Learning > Health

How to prevent losing teeth with age

Joyce Teo on 08 Sep 2019

The Straits Times


Facebook Email

SINGAPORE - If you think brushing your teeth hard helps keep your teeth clean, think again.


Brushing our teeth too aggressively over prolonged periods to time can cause our gums to recede. It's one of the changes in the mouth that can accompany ageing.


"Don't use too much force when brushing. In general, you don't want to see the bristles splay out too quickly, like within three months," said Dr Tan Mei Na, an associate consultant at the National University Centre for Oral Health, Singapore.


Gum disease, which is usually undetected till the later stages, as it is largely symptom free, can also cause gums to recede.


"For most people, gum disease is usually detected in their middle to old age," said Dr Yang Jingrong, head of the Geriatric Special Care Dentistry Clinic at the National Dental Centre Singapore (NDCS).


Plaque is formed daily and can be brushed away with the right toothbrush and the right technique. If is it not removed, it forms tartar (hardened plaque). This results in gum infection and bone loss if left untreated.


"A soft toothbrush should be used. The brush should be placed at a 45 degree angle towards the gum line, and moved in a small circular action around the gum line," said Dr Yang.


A lifetime of chewing and biting can wear away the enamel, which is the hard, outer layer of your teeth.


The tooth wear may be more serious if you have certain habits like bruxism (grinding of teeth at night), clenching or often consume heavily fibrous foods.


Yellowing teeth is also part of the ageing process. Dr Tan said it's also to do with the build-up of dentine, which is the yellowish layer covered by the enamel, in the tooth and there's no need to do anything about it.


But if you want to, it's safer to head to a dentist because when you have tooth decay and you use products like gel and strips, which most likely contain bleach, it may aggravate your condition, said Dr Tan.


Whitening toothpaste may contain abrasives, but not bleach, she said.


Yet another change in the ageing mouth is increased dryness. It happens if your salivary glands in the mouth don't produce enough saliva. It can also happen when you take multiple types of medication, undergo hormonal changes (menopause), or have had chemotherapy and or radiotherapy treatment.


This increased dryness can potentially give rise to tooth decay, said Dr Yang.


She said an elderly patient with good oral hygiene and generally healthy gums and teeth can be seen at yearly intervals, just like a similar person of a younger age.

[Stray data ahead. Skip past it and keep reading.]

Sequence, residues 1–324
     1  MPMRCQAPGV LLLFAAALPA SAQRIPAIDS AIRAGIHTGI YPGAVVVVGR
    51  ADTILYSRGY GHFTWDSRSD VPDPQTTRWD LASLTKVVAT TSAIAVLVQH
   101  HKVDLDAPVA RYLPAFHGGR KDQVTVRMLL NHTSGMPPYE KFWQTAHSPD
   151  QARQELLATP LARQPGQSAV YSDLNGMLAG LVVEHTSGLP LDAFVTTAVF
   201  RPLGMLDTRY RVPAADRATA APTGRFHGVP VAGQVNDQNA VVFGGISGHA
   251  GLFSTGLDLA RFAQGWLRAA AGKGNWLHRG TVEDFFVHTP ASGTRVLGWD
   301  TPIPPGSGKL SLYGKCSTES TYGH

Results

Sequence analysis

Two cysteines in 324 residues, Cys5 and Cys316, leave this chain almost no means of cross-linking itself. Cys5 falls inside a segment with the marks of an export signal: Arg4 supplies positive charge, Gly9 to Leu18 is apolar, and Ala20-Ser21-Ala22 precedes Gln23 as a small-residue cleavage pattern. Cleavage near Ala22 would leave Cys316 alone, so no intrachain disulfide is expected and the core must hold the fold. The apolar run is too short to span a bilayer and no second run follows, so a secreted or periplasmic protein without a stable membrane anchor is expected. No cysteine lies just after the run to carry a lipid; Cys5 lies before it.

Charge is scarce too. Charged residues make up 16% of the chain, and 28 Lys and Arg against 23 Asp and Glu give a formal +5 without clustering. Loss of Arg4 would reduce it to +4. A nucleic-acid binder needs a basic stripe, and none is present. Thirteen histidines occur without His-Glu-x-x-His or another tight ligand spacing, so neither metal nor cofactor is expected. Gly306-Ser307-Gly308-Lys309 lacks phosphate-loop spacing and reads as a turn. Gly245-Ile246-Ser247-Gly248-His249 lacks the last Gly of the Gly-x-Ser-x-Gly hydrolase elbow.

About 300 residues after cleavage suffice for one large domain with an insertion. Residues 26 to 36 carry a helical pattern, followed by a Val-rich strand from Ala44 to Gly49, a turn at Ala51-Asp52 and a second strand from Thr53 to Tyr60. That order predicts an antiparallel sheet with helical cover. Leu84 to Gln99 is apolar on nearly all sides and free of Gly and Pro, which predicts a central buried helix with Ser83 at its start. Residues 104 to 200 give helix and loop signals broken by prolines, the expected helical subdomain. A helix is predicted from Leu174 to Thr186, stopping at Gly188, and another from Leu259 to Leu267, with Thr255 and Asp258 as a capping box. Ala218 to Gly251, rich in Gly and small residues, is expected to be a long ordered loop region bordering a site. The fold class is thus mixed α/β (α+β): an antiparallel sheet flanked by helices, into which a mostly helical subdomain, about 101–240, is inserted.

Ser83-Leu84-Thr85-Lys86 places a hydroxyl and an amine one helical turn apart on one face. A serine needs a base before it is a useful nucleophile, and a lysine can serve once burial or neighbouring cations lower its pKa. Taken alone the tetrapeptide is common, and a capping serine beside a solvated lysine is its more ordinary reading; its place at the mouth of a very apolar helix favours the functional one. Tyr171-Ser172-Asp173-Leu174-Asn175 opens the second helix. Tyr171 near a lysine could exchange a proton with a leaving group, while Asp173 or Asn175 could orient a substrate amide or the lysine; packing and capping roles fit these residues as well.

However, if they have certain medical conditions such as uncontrolled diabetes and previous chemotherapy and radiotherapy to the head and neck, they will be at higher risk of gum disease and tooth decay.


The dentist may then advise to see them every three to four months, she said.


This interval is also recommended for those who have conditions that may affect the level of oral hygiene in the mouth such as dementia and Parkinson's diesase, she said.


It's not hard to care for your teeth but not everyone does it right or makes enough effort to do so.


Many do not brush for at least two to three minutes and some do not floss their teeth once every day as they should.


Dr Yang said studies have shown that most people overestimate the amount of time spent on tooth brushing. This means they actually think they brush for a longer time than they should.


Dr Tan said that many people also think that it is natural to lose teeth with age. "But, in this day and age, it is possible for our teeth to outlive us, if you take care of them well."


Source: The Straits Times © Singapore Press Holdings Limited. Reproduced with permission.



The views, material and information presented by any third party are strictly the views of such third party. Without prejudice to any third party content or materials whatsoever are provided for information purposes and convenience only. Council For The Third Age shall not be responsible or liable for any loss or damage whatsoever arising directly or indirectly howsoever in connection with or as a result of any person accessing or acting on any information contained in such content or materials. The presentation of such information by third parties on this Council For The Third Age website does not imply and shall not be construed as any representation, warranty, endorsement or verification by Council For The Third Age in respect of such content or materials.